Where’s romance in Hindi cinema?

Where’s romance in Hindi cinema?

Are love stories no longer in the business in Bollywood? Or has it taken a backseat? Looking back at the range of films from 2016, we find that sequels, biopics, comedies and action films are in vogue. Yes, romance remains a substantial part of most of these movies. Both Baaghi and this year’s Baaghi 2 had love as the base for the action.

In that sense, R Balki even terms his PadMan (a dramatised biopic) as a great love story, for the husband’s contribution to society happens because he loves his wife so much. The same was the case with last year’s Toilet—Ek Prem Katha, another disguised biopic, and coincidentally also starring Akshay Kumar.

At best, we can thus say that love in the last two or three years has become either socially conscious or action-packed. Because what we actually mean by romantic dramas is, of course, the range from teenage love stories like Bobby down to Dilwale Dulhania Le Jayenge and Cheeni Kum. And it does not mean this year’s Padmaavat, which was more like a historical version of Darr, that is, where the villain’s infatuation for the heroine was higher than the comparatively tepid love of the hero. 

A glance at forthcoming films also points out to a paucity of classic love stories. We have high-octane films like Race 3, Thugs Of Hindostan, 2.0, Saaho, Shamshera, Kick 2, Dabangg 3, Krrish 4, Brahmastra, Rannbhoomi, Simmba and even Aamir Khan’s planned mega-epic Mahabharat. For relief, there are socials like Bharat and Kalank and laugh riots like Total Dhamaal, Welcome 3 and Housefull 4. But where is the prem katha?

Love stories have had a dismal track record for over two years now. Happy Bhag Jayegi and Ki & Ka were different kinds of romantic comedies that did above-average business. Last year, Shubh Mangal Saavdhan, Bareilly Ki Barfi and Shaadi Mein Zaroor Aana were sleeper successes, but the true-blue blockbusters were not romances at all. The lone blockbuster among love stories, Sultan, was projected as a sports drama. 

As against this, we had mostly abysmal romances like Baar Baar Dekho, Fitoor, Befikre, Half Girlfriend, Ae Dil Hai Mushkil (ADHM), and a recent extravaganza of boredom, October. While all these films collectively sounded the death knell for love, what was organically spotlighted in the process was that even the masters had seemingly lost connect, like Aditya Chopra in Befikre and Karan Johar in ADHM. Even a heartthrob like Varun Dhawan could not guarantee success for October. Hollywood has all but finished the world’s film industries, and Indian cinema, especially those from the South and Hindi, are fighting it like a resolute David against a remorseless Goliath. In this situation, with distribution improving and a rapidly developing fan base for our cinema in even countries as offbeat as China, the demand is for story-heavy, emotion-rich big-budget films. Romances can never have the scale and budgets of the Bahubali franchise, Dangal, Tiger Zinda Hai or even Golmaal Again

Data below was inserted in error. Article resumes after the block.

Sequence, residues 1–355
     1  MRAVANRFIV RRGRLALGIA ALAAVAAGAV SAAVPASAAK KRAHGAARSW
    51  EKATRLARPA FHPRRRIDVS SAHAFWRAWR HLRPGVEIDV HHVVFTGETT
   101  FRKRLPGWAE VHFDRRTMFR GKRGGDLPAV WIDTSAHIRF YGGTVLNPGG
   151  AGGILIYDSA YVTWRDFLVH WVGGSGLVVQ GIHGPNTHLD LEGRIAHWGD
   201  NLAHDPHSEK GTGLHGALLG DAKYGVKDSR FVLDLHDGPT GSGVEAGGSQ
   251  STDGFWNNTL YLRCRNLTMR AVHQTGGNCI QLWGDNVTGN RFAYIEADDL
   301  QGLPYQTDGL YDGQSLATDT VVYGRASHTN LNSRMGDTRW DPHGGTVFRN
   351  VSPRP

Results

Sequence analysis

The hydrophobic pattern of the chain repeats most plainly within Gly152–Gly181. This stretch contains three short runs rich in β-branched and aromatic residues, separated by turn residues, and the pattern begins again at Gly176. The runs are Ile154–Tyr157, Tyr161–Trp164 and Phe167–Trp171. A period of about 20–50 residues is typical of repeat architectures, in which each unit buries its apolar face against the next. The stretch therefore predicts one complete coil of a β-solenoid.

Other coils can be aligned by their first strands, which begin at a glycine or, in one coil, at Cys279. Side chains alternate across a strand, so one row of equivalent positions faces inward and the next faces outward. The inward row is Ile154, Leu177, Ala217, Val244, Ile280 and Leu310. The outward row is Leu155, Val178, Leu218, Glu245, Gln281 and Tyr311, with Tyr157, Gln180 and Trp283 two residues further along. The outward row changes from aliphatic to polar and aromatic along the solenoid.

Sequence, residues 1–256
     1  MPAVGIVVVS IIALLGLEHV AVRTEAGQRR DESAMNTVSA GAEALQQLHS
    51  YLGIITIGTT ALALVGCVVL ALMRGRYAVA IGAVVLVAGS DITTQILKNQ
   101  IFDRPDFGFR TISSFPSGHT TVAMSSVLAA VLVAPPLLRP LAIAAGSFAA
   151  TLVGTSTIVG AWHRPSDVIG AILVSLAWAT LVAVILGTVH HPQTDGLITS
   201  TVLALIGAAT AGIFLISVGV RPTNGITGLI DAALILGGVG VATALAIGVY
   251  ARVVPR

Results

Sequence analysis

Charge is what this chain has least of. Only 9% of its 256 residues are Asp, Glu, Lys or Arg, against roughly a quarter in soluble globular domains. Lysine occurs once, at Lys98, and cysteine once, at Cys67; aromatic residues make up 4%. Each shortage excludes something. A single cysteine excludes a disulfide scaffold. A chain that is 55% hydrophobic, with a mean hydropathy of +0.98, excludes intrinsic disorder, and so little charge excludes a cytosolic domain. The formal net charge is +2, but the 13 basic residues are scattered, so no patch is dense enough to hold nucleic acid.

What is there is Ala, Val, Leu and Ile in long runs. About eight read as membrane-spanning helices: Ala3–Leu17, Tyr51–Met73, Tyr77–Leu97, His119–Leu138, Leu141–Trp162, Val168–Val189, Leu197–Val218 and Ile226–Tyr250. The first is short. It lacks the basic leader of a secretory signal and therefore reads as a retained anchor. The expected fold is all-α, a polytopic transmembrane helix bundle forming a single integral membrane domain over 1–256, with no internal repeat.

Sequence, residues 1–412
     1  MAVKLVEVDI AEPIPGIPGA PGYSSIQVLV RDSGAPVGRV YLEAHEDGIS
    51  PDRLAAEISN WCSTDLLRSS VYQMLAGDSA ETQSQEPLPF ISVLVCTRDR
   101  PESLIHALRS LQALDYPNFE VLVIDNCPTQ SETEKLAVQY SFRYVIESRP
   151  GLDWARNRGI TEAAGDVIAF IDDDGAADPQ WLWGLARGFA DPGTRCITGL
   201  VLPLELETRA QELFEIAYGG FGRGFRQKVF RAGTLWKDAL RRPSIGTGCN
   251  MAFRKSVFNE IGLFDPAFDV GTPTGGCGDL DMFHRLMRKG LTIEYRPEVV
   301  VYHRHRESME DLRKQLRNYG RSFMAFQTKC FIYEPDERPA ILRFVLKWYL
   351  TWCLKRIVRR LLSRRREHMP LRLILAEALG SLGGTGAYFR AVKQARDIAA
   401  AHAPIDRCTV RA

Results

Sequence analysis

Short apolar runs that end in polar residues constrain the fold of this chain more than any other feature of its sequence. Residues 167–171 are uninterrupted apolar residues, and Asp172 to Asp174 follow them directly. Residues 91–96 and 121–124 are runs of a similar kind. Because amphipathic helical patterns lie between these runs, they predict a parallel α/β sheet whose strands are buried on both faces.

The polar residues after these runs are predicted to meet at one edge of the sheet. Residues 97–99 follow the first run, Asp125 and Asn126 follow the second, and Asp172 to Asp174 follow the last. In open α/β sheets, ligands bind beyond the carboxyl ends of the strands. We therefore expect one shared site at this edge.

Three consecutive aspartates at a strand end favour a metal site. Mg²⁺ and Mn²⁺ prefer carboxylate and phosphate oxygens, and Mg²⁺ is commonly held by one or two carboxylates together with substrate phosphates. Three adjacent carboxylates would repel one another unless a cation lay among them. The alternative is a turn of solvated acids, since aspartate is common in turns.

Survival is increasingly, and even more crucially, the name of the game. And what novelty can there be in romance that will justify great costs and returns?

This is also a lesson that Yash Raj Films has learnt. It has shifted to action for its biryani, even if they also make small films like Hichki for bread and butter. After all, in the last 15 years, their prime earners have largely been action capers like the Dhoom series, Ek Tha Tiger and Tiger Zinda Hai, and they are now busy with Thugs Of Hindostan, Shamshera and the Hrithik Roshan-Tiger Shroff action drama. And this is the banner that once gave us Daag, Kabhi Kabhie, Silsila, Chandni, Lamhe, DDLJ, Dil To Pagal Hai, Mohabbatein and Veer-Zaara. 

Thus, every trend in Hindi cinema is dictated not just by hits and disasters but also by the filmmakers and stars who are leading the market at that point. Today, the five superstars — Salman Khan, Aamir Khan, Akshay Kumar, Ajay Devgn and Shah Rukh Khan — are around or in their 50s and can, at best, do mature romances, if anyone would take this risk. 

Hrithik Roshan too is not getting any younger. Ranveer Singh and Varun Dhawan are more into variety with a dash of experimentation, while a resurgent Ranbir Kapoor has finally decided to focus on being a pedigreed and saleable star (Brahmastra, Shamshera, Luv Ranjan’s comedy) rather than remaining just a great actor in weird films.

Last but not the least, we do not have either the mega-talents or environs to create the most vital tool for a love story — fabulous music. Can any of our music makers, lyricists and filmmakers today collaborate on current music to match the calibre of Jab Jab Phool Khile, Bobby, Ek Duuje Ke Liye, Qayamat Se Qayamat Tak, Maine Pyar Kiya, Aashiqui or Kuch Kuch Hota Hai?